Why Strik'st Thou Me? – A Poem From An Abused Dog's Point of View


Why dost thou strike me?—Ever faithful
In service to thee do I live;
And often when thou wert in peril
My very utmost would I give;
My life I would lay down for thee!
Why strik'st thou me?

In blustering storm and cruel Winter,
In murky night or through the day,
Obedient I have trotted by thee
And guarded thee along the way.
I've watched thee and protected thee:
Why strik'st thou me?

When flashed the robber's steel against thee,
When thou wert threatened by his arm,
And thou didst call for aid and rescue,
Who saved thee then from mortal harm?
My blood flowed on the sand for thee:
Why strik'st thou me?

When down the sheer walls of the chasm
That glooms the torrent thou didst slide,
Thou there had perished maimed and helpless
Had I not sought thee far and wide.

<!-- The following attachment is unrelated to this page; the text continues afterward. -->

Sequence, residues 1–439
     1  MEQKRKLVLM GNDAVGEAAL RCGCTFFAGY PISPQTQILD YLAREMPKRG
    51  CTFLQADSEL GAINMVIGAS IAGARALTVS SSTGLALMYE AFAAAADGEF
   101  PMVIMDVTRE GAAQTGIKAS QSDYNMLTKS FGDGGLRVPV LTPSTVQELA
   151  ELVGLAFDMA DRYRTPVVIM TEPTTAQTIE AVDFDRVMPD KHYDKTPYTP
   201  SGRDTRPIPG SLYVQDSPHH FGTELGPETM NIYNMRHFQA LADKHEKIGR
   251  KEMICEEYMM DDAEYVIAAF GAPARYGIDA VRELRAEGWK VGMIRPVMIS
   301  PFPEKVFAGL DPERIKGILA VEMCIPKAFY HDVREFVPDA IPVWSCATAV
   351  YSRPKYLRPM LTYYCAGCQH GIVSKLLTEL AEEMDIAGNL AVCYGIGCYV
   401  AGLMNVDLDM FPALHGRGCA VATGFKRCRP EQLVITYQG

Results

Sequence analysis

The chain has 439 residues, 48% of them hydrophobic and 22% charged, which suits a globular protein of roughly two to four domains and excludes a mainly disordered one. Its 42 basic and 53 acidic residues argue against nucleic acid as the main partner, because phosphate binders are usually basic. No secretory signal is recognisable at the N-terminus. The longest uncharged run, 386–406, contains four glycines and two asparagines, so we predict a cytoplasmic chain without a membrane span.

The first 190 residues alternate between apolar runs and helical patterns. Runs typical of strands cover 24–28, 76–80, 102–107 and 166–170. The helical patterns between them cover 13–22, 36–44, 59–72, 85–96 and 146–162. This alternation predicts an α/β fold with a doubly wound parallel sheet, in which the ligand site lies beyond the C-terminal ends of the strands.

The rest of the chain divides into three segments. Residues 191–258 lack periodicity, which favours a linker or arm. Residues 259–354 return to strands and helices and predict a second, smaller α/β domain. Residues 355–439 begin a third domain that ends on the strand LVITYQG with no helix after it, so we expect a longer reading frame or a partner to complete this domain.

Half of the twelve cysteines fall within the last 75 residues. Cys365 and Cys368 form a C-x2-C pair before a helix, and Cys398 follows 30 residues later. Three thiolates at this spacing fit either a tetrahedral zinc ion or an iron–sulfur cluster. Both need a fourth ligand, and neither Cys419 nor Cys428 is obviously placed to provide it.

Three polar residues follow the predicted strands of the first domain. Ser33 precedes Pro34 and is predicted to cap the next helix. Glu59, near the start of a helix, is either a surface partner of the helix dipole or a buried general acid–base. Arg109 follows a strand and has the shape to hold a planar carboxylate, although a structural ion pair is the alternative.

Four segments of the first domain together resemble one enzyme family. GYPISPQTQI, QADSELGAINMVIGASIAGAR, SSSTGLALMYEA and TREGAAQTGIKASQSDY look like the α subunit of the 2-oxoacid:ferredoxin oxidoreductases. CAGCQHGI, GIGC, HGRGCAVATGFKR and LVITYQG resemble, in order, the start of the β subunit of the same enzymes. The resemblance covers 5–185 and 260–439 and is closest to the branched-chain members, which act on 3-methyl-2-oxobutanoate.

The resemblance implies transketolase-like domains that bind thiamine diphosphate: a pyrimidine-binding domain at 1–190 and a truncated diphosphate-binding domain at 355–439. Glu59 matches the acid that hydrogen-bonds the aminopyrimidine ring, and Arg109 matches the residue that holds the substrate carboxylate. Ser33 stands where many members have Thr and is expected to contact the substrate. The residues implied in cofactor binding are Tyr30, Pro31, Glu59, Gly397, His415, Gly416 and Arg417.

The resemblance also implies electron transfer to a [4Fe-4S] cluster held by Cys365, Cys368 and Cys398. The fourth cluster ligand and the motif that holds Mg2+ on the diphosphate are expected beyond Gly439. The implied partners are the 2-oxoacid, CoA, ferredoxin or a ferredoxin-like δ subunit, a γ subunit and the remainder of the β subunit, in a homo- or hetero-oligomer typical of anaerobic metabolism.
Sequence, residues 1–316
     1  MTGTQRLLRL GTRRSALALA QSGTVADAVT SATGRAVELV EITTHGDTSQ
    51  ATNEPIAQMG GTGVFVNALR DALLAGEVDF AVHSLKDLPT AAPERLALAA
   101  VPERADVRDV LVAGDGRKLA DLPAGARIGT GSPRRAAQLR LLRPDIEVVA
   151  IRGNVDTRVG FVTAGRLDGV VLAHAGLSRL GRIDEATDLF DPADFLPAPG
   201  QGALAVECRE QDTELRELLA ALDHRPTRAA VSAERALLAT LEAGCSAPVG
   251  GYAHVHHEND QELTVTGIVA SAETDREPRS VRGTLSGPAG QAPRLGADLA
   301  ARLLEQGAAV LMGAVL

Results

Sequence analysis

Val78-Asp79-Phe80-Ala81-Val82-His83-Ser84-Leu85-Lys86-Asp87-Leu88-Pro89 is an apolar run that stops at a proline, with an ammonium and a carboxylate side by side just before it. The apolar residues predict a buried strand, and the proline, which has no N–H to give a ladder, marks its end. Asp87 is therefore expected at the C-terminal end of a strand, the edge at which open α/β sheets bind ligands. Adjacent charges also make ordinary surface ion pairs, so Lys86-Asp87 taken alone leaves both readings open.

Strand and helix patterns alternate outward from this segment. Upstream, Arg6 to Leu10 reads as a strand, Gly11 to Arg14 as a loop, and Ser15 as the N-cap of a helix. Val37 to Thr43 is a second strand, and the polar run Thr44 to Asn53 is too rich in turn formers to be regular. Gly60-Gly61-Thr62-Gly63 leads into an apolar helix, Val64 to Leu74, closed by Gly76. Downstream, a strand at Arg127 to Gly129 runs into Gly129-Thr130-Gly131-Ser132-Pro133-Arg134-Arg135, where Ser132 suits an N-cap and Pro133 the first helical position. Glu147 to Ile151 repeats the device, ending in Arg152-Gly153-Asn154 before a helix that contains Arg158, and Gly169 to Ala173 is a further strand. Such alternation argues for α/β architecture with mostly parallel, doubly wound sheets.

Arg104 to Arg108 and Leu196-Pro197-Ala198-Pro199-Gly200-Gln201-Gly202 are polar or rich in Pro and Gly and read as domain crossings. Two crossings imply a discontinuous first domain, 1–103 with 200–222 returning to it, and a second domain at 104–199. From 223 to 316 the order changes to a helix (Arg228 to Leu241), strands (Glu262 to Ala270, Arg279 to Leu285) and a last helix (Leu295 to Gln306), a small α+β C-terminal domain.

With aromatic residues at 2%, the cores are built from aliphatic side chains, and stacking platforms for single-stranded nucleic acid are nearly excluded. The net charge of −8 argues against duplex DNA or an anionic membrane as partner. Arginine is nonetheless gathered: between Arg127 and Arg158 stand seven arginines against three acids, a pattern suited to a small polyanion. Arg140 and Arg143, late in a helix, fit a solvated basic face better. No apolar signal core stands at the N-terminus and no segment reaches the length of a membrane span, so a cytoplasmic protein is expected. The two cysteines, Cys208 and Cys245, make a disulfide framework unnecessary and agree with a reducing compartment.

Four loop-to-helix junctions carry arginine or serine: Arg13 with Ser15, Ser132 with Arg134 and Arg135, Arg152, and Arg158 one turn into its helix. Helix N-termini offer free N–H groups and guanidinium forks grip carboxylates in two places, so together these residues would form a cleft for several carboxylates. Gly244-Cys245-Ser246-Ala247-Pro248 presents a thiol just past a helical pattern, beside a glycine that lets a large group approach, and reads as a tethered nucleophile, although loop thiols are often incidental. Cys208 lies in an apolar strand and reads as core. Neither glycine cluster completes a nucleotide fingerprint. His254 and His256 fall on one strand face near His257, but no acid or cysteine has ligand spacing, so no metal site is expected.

Myself forgetting, sought I thee:
Why strik'st thou me?

When on the furious billows drifting
Thou heldest up a beckoning hand,
And no man dared attempt to save thee,
I brought thee safely to the land.
From certain death I rescued thee:
Why strik'st thou me?

Oh doom me not to starve and perish;
The poor old Sultan do not slay!
For thee, too, will the days soon darken
In which thy strength will fade away.
Then thou wilt beg as I beg thee:—
Why strik'st thou me?

Nathan Haskell Dole (Translator).
As published in "The Dog's Book of Verse" Collected by J. Earl Clauson
A Public Domain Work.

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